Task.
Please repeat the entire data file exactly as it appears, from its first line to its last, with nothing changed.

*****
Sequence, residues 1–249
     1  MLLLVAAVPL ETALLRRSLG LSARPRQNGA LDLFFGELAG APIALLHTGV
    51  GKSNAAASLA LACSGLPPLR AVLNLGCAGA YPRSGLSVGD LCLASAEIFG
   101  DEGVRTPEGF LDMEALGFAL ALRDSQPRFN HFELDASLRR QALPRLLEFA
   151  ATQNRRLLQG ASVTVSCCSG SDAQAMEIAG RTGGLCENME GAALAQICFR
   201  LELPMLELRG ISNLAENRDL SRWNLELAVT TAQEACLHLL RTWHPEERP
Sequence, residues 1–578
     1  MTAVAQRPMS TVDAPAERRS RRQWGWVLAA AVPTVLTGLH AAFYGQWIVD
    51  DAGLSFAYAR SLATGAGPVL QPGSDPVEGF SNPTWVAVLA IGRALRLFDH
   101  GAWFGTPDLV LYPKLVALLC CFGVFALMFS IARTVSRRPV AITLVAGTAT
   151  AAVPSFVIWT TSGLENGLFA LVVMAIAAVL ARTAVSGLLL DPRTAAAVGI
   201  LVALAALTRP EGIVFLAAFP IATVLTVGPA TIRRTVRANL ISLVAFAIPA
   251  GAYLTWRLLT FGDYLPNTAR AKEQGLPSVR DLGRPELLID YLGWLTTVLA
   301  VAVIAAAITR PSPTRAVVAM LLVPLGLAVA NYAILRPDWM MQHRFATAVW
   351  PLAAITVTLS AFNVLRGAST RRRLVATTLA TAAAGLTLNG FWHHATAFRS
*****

Sequence, residues 1–249
     1  MLLLVAAVPL ETALLRRSLG LSARPRQNGA LDLFFGELAG APIALLHTGV
    51  GKSNAAASLA LACSGLPPLR AVLNLGCAGA YPRSGLSVGD LCLASAEIFG
   101  DEGVRTPEGF LDMEALGFAL ALRDSQPRFN HFELDASLRR QALPRLLEFA
   151  ATQNRRLLQG ASVTVSCCSG SDAQAMEIAG RTGGLCENME GAALAQICFR
   201  LELPMLELRG ISNLAENRDL SRWNLELAVT TAQEACLHLL RTWHPEERP
Sequence, residues 1–578
     1  MTAVAQRPMS TVDAPAERRS RRQWGWVLAA AVPTVLTGLH AAFYGQWIVD
    51  DAGLSFAYAR SLATGAGPVL QPGSDPVEGF SNPTWVAVLA IGRALRLFDH
   101  GAWFGTPDLV LYPKLVALLC CFGVFALMFS IARTVSRRPV AITLVAGTAT
   151  AAVPSFVIWT TSGLENGLFA LVVMAIAAVL ARTAVSGLLL DPRTAAAVGI
   201  LVALAALTRP EGIVFLAAFP IATVLTVGPA TIRRTVRANL ISLVAFAIPA
   251  GAYLTWRLLT FGDYLPNTAR AKEQGLPSVR DLGRPELLID YLGWLTTVLA
   301  VAVIAAAITR PSPTRAVVAM LLVPLGLAVA NYAILRPDWM MQHRFATAVW
   351  PLAAITVTLS AFNVLRGAST RRRLVATTLA TAAAGLTLNG FWHHATAFRS